# KarlRosaen

## NBA Team Net Ratings¶

Let's do some basic exploritory analysis on NBA games.

Each basketball game is won by a margin, say 8 points. To normalize for the pace of the game, there's "net rating" which is the delta in points scored per 100 possessions. This makes different games that were played at faster or slower paces comparable. A team's average net rating is the best single number for quantifying performance (save the win/loss record).

To start with we need a record of every NBA game this season and its net rating.

I boiled this down into a csv with the date, team name and net rating (each game will have two entries, but this is ok as we only look at per team stats). This csv was produced with a separate ruby script, but if you are curious, these two JSON endpoints from stats.nba.com were used:

Note that these endpoints are unofficial at best, and were sniffed out by looking at XHR requests in Chrome's developer tools while browsing stats.nba.com.

In [1]:
import csv
import numpy as np
import matplotlib.pyplot as plt
import os
import itertools

%matplotlib inline
%config InlineBackend.figure_format = 'retina'

nba_games = []
fname = 'nba-games.csv'
with open(fname,"r") as f:
# game_id,game_date,team_id,team_name,net_rating



Next, a function that extracts the net rating for a team.

In [2]:
def team_net_ratings(the_team_name):
"""
team name is one of
["76ers", "Bucks", "Bulls", "Cavaliers", "Celtics",
"Clippers", "Grizzlies", "Hawks", "Heat",
"Hornets", "Jazz", "Kings", "Knicks", "Lakers",
"Magic", "Mavericks", "Nets", "Nuggets", "Pacers",
"Pelicans", "Pistons", "Raptors", "Rockets", "Spurs",
"Suns", "Thunder", "Timberwolves", "Trail Blazers", "Warriors", "Wizards"]
"""
return [
float(net_rating)
for game_id,game_date,team_id,team_name,net_rating in nba_games
if team_name == the_team_name]



### The Pistons¶

With this, we can make a histogram of the net ratings for a team. I like the Pistons, so let's check them out:

In [3]:
import matplotlib.mlab as mlab

plt.hist(team_net_ratings('Pistons'), bins=15)
plt.title("Pistons Net Rating for 2015/2016 Games")
plt.xlabel("Net Rating")
plt.ylabel("Num Games")

plt.show()


As experienced as a fan this year, we are a bit bi-modal, sometimes playing great, even beating some of the leagu's best teams, other times getting blown out (that -40 net rating was most recently against The Wizards).

### Best and worst teams¶

Now let's compare this to the best and worst teams in the league

In [4]:
plt.hist(team_net_ratings("Warriors"), bins=15, color='b', label='Warriors')
plt.hist(team_net_ratings("76ers"), bins=15, color='r', alpha=0.5, label='76ers')
plt.title("Net Rating for 2015/2016 Games")
plt.xlabel("Net Rating")
plt.ylabel("Num Games")
plt.legend()
plt.show()


Yep, the warriors usually win, and the 76ers usually lose. Still striking to see how many games the warriors win by a safe margin.

### Box Plots¶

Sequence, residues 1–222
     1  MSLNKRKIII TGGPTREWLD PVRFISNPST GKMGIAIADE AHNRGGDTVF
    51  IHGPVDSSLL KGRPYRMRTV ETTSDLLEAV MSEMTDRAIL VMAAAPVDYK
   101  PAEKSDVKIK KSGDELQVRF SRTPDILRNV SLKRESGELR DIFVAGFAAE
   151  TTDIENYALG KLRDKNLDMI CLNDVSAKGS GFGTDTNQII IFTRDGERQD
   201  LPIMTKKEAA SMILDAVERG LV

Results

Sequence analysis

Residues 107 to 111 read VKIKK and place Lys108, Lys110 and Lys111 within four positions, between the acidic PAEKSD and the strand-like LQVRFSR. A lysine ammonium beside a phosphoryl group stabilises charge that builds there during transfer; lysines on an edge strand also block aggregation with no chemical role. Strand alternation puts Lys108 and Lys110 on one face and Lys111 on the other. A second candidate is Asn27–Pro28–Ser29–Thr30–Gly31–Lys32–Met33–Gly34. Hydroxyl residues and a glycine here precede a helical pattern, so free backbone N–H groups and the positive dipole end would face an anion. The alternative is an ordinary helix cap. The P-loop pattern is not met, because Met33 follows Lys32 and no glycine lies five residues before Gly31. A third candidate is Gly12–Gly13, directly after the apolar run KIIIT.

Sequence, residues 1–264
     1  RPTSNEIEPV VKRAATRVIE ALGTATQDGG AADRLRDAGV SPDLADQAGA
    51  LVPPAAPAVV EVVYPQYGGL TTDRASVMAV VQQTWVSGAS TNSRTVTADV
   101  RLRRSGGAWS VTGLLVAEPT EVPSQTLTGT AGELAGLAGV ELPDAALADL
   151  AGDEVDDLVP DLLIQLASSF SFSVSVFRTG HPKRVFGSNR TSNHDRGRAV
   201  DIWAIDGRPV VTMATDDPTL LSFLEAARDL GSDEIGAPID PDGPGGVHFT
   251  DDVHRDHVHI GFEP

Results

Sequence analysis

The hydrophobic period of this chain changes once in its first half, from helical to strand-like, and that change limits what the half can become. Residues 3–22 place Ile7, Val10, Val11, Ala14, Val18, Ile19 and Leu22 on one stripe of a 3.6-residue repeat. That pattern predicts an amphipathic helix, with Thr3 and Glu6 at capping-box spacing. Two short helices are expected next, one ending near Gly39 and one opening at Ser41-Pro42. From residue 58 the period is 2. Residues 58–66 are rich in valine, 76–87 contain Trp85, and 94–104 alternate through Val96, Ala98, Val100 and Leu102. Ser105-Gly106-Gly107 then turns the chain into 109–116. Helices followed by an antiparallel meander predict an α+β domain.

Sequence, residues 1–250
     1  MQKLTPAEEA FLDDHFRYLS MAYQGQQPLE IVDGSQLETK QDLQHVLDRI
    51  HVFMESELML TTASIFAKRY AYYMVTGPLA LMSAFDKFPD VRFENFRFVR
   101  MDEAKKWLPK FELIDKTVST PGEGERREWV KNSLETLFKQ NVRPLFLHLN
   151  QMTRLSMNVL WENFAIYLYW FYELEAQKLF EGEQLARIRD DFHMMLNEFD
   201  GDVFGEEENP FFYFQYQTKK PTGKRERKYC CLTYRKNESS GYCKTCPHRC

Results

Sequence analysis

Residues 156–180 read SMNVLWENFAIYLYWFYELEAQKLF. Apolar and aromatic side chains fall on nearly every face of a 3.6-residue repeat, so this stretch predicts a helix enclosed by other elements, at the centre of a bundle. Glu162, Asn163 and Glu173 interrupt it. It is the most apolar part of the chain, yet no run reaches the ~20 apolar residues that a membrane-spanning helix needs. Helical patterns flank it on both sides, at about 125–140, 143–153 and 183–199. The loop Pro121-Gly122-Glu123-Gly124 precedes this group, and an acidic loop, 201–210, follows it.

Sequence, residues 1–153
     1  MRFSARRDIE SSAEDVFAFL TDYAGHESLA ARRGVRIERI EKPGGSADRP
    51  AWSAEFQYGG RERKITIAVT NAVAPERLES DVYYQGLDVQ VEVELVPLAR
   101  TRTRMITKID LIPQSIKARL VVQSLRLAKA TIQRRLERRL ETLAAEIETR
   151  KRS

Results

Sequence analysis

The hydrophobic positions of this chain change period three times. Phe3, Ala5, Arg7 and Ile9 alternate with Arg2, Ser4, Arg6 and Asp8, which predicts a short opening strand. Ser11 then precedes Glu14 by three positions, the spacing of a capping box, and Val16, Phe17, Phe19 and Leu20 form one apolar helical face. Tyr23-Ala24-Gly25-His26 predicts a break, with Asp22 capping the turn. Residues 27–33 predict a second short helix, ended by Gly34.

Box plots are a nice way to visually compare multiple team's distributions giving a quick snapshot of the median, range and interquartile range. Let's compare the top 9 seeds in the Eastern Conference (I'm hoping the Pistons fight their way into the 8th seed, they are currently 9th).

In [5]:
def box_plot_teams(team_names):
reversed_names = list(reversed(team_names))
data = [team_net_ratings(team_name) for team_name in reversed_names]
plt.figure()
plt.xlabel('Game Net Ratings')
plt.boxplot(data, labels=reversed_names, vert=False)
plt.show()

box_plot_teams(['Cavaliers', 'Raptors', 'Celtics', 'Heat', 'Hawks', 'Hornets', 'Pacers', 'Bulls', 'Pistons'])


We can see that The Pistons have the largest spread, but have a median slightly better than The Bulls (they are in fact neck and neck) with potentially more upside. The 3rd quartile net rating of close to 10 is what makes us Pistons fans feel like we could have a shot against most teams in The Eastern Conference.

Another note: the standard boxplot plots the dashed line up to 1.5 the IQR range, beyond that data points are considered outliers and plotted individually. The Pistons do not have any outliers by this standard; so on a given night we can get blown out or win big and it shouldn't really surprise use :)

Finally, let's look at the mean and standard deviations of each.

In [11]:
def mean_std(team_name):
nrs = team_net_ratings(team_name)
return (team_name, np.mean(nrs), np.std(nrs))

[mean_std(team_name) for team_name in
['Cavaliers', 'Raptors', 'Celtics', 'Heat', 'Hawks', 'Hornets', 'Pacers', 'Bulls', 'Pistons']]

Out[11]:
[('Cavaliers', 6.1484848484848493, 13.741699890702536),
('Raptors', 4.3430769230769233, 11.409415399717622),
('Celtics', 3.6560606060606062, 12.31363039773748),
('Heat', 2.1358208955223885, 13.594969454742598),
('Hawks', 4.1597014925373132, 14.22600162726523),
('Hornets', 2.5166666666666671, 13.604918710941023),
('Pacers', 1.7560606060606059, 12.550252065413581),
('Bulls', -1.5261538461538462, 13.330615738829598),
('Pistons', -0.50447761194029828, 14.165223684804399)]